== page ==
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Economy in Brief

U.S. Construction Spending Erodes in July
by Robert Brusca  September 1, 2017

Construction spending fell 0.6% in July with private spending falling 0.4% and public spending dropping 1.4%. Within the private sector, residential spending continued to expand, gaining 0.8% in the month while nonresidential spending fell 1.9%.

Trends are depicted by the sequential growth rates in the table from year/year to six-month to three-month. On that timeline, overall construction spending decelerated from a 1.8% pace over 12 months to contract at a 2% pace over six months and it continued to contract at a 2% pace over three months. Private spending grew over 12 months, declined over six months and advanced again over three months ending this phase with a weak 1.2% rate of growth over three months.

Within private spending, residential trends remain positive. Spending growth is at an 11.6% pace over 12 months then cools to a 6.3% pace over six months and remains in the lower trajectory with a 7.8% pace over three months.

Conversely, private nonresidential spending is simply contracting at different speeds. The pace of contraction is -3.6% over 12 months, but that steps up to -7.2% over six months and stays at -6.1% over three months. The nonresidential sector is still stressed.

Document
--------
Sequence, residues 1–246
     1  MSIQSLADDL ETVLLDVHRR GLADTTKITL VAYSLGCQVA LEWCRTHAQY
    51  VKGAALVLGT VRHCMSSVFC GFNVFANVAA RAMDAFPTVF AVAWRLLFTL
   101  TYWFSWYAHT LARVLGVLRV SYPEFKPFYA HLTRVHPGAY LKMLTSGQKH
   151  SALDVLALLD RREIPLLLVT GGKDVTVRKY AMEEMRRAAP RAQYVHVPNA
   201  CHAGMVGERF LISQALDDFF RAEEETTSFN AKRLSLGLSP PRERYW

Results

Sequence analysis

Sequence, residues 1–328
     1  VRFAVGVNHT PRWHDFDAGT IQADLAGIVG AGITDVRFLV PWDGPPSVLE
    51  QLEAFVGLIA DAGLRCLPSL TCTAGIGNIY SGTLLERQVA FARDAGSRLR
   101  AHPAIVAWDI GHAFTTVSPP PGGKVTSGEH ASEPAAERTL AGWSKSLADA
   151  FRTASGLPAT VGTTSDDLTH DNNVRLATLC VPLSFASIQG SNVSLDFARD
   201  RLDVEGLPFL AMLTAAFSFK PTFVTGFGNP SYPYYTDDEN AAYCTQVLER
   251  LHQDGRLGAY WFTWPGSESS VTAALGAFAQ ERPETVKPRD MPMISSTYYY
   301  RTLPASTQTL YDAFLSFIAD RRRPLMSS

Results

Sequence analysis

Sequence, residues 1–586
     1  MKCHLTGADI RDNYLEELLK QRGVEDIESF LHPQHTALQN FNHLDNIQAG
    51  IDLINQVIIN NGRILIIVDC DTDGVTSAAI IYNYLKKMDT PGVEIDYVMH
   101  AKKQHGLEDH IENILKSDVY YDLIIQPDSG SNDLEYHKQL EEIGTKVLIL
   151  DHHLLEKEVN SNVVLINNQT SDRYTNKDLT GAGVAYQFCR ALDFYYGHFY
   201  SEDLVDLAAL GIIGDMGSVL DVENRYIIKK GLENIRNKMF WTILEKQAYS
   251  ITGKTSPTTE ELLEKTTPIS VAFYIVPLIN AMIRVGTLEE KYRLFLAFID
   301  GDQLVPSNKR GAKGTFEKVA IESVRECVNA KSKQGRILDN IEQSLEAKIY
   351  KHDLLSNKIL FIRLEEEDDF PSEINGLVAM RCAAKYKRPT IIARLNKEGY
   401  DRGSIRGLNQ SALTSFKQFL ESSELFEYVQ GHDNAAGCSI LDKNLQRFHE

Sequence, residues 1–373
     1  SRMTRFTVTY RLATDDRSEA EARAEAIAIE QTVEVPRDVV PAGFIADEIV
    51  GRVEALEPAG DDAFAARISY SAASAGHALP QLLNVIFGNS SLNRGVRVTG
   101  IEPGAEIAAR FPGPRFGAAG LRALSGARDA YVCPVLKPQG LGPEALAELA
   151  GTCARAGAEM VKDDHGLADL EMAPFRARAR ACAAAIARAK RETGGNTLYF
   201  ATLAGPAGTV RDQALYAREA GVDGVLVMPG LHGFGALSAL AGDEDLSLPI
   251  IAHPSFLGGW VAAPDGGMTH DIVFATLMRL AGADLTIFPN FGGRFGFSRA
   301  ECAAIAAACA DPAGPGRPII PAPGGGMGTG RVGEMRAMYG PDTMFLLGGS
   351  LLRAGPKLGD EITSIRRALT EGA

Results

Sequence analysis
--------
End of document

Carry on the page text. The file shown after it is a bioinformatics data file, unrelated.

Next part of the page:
Public trends are declining at a 5.6% pace over 12 months and that contraction simply intensifies over six months and intensifies further over three months as spending falls at a 12.5% annualized pace over three months.

Despite low mortgage rates and a mature economic expansion with a still-growing economy, the construction sector is challenged. The residential market is holding up the best as low mortgage rates underpin it and have kept homes affordable despite a run-up in prices. House prices, in fact, continue to rise nationally; some very expensive local markets having been created.

We are only one month into Q3 with this report, but the level of spending in July relative to the Q2 average shows spending is declining at a 6.2% pace in the new quarter as residential spending continues to grow and continues to be swamped by larger negative effects in the nonresidential sector. Public spending is falling very rapidly at a 19% annual rate as the fiscal situation in Washington has put all nonessential Federal spending on hold.

In the wake of the day's multiple reports, including the employment report, the manufacturing ISM and construction spending, the Atlanta Fed has trimmed its GDP-Now estimate for Q3 growth to 3.2% from 3.3%. The estimate which started out at a 4% pace continues to be trimmed bit by bit as new data roll in.

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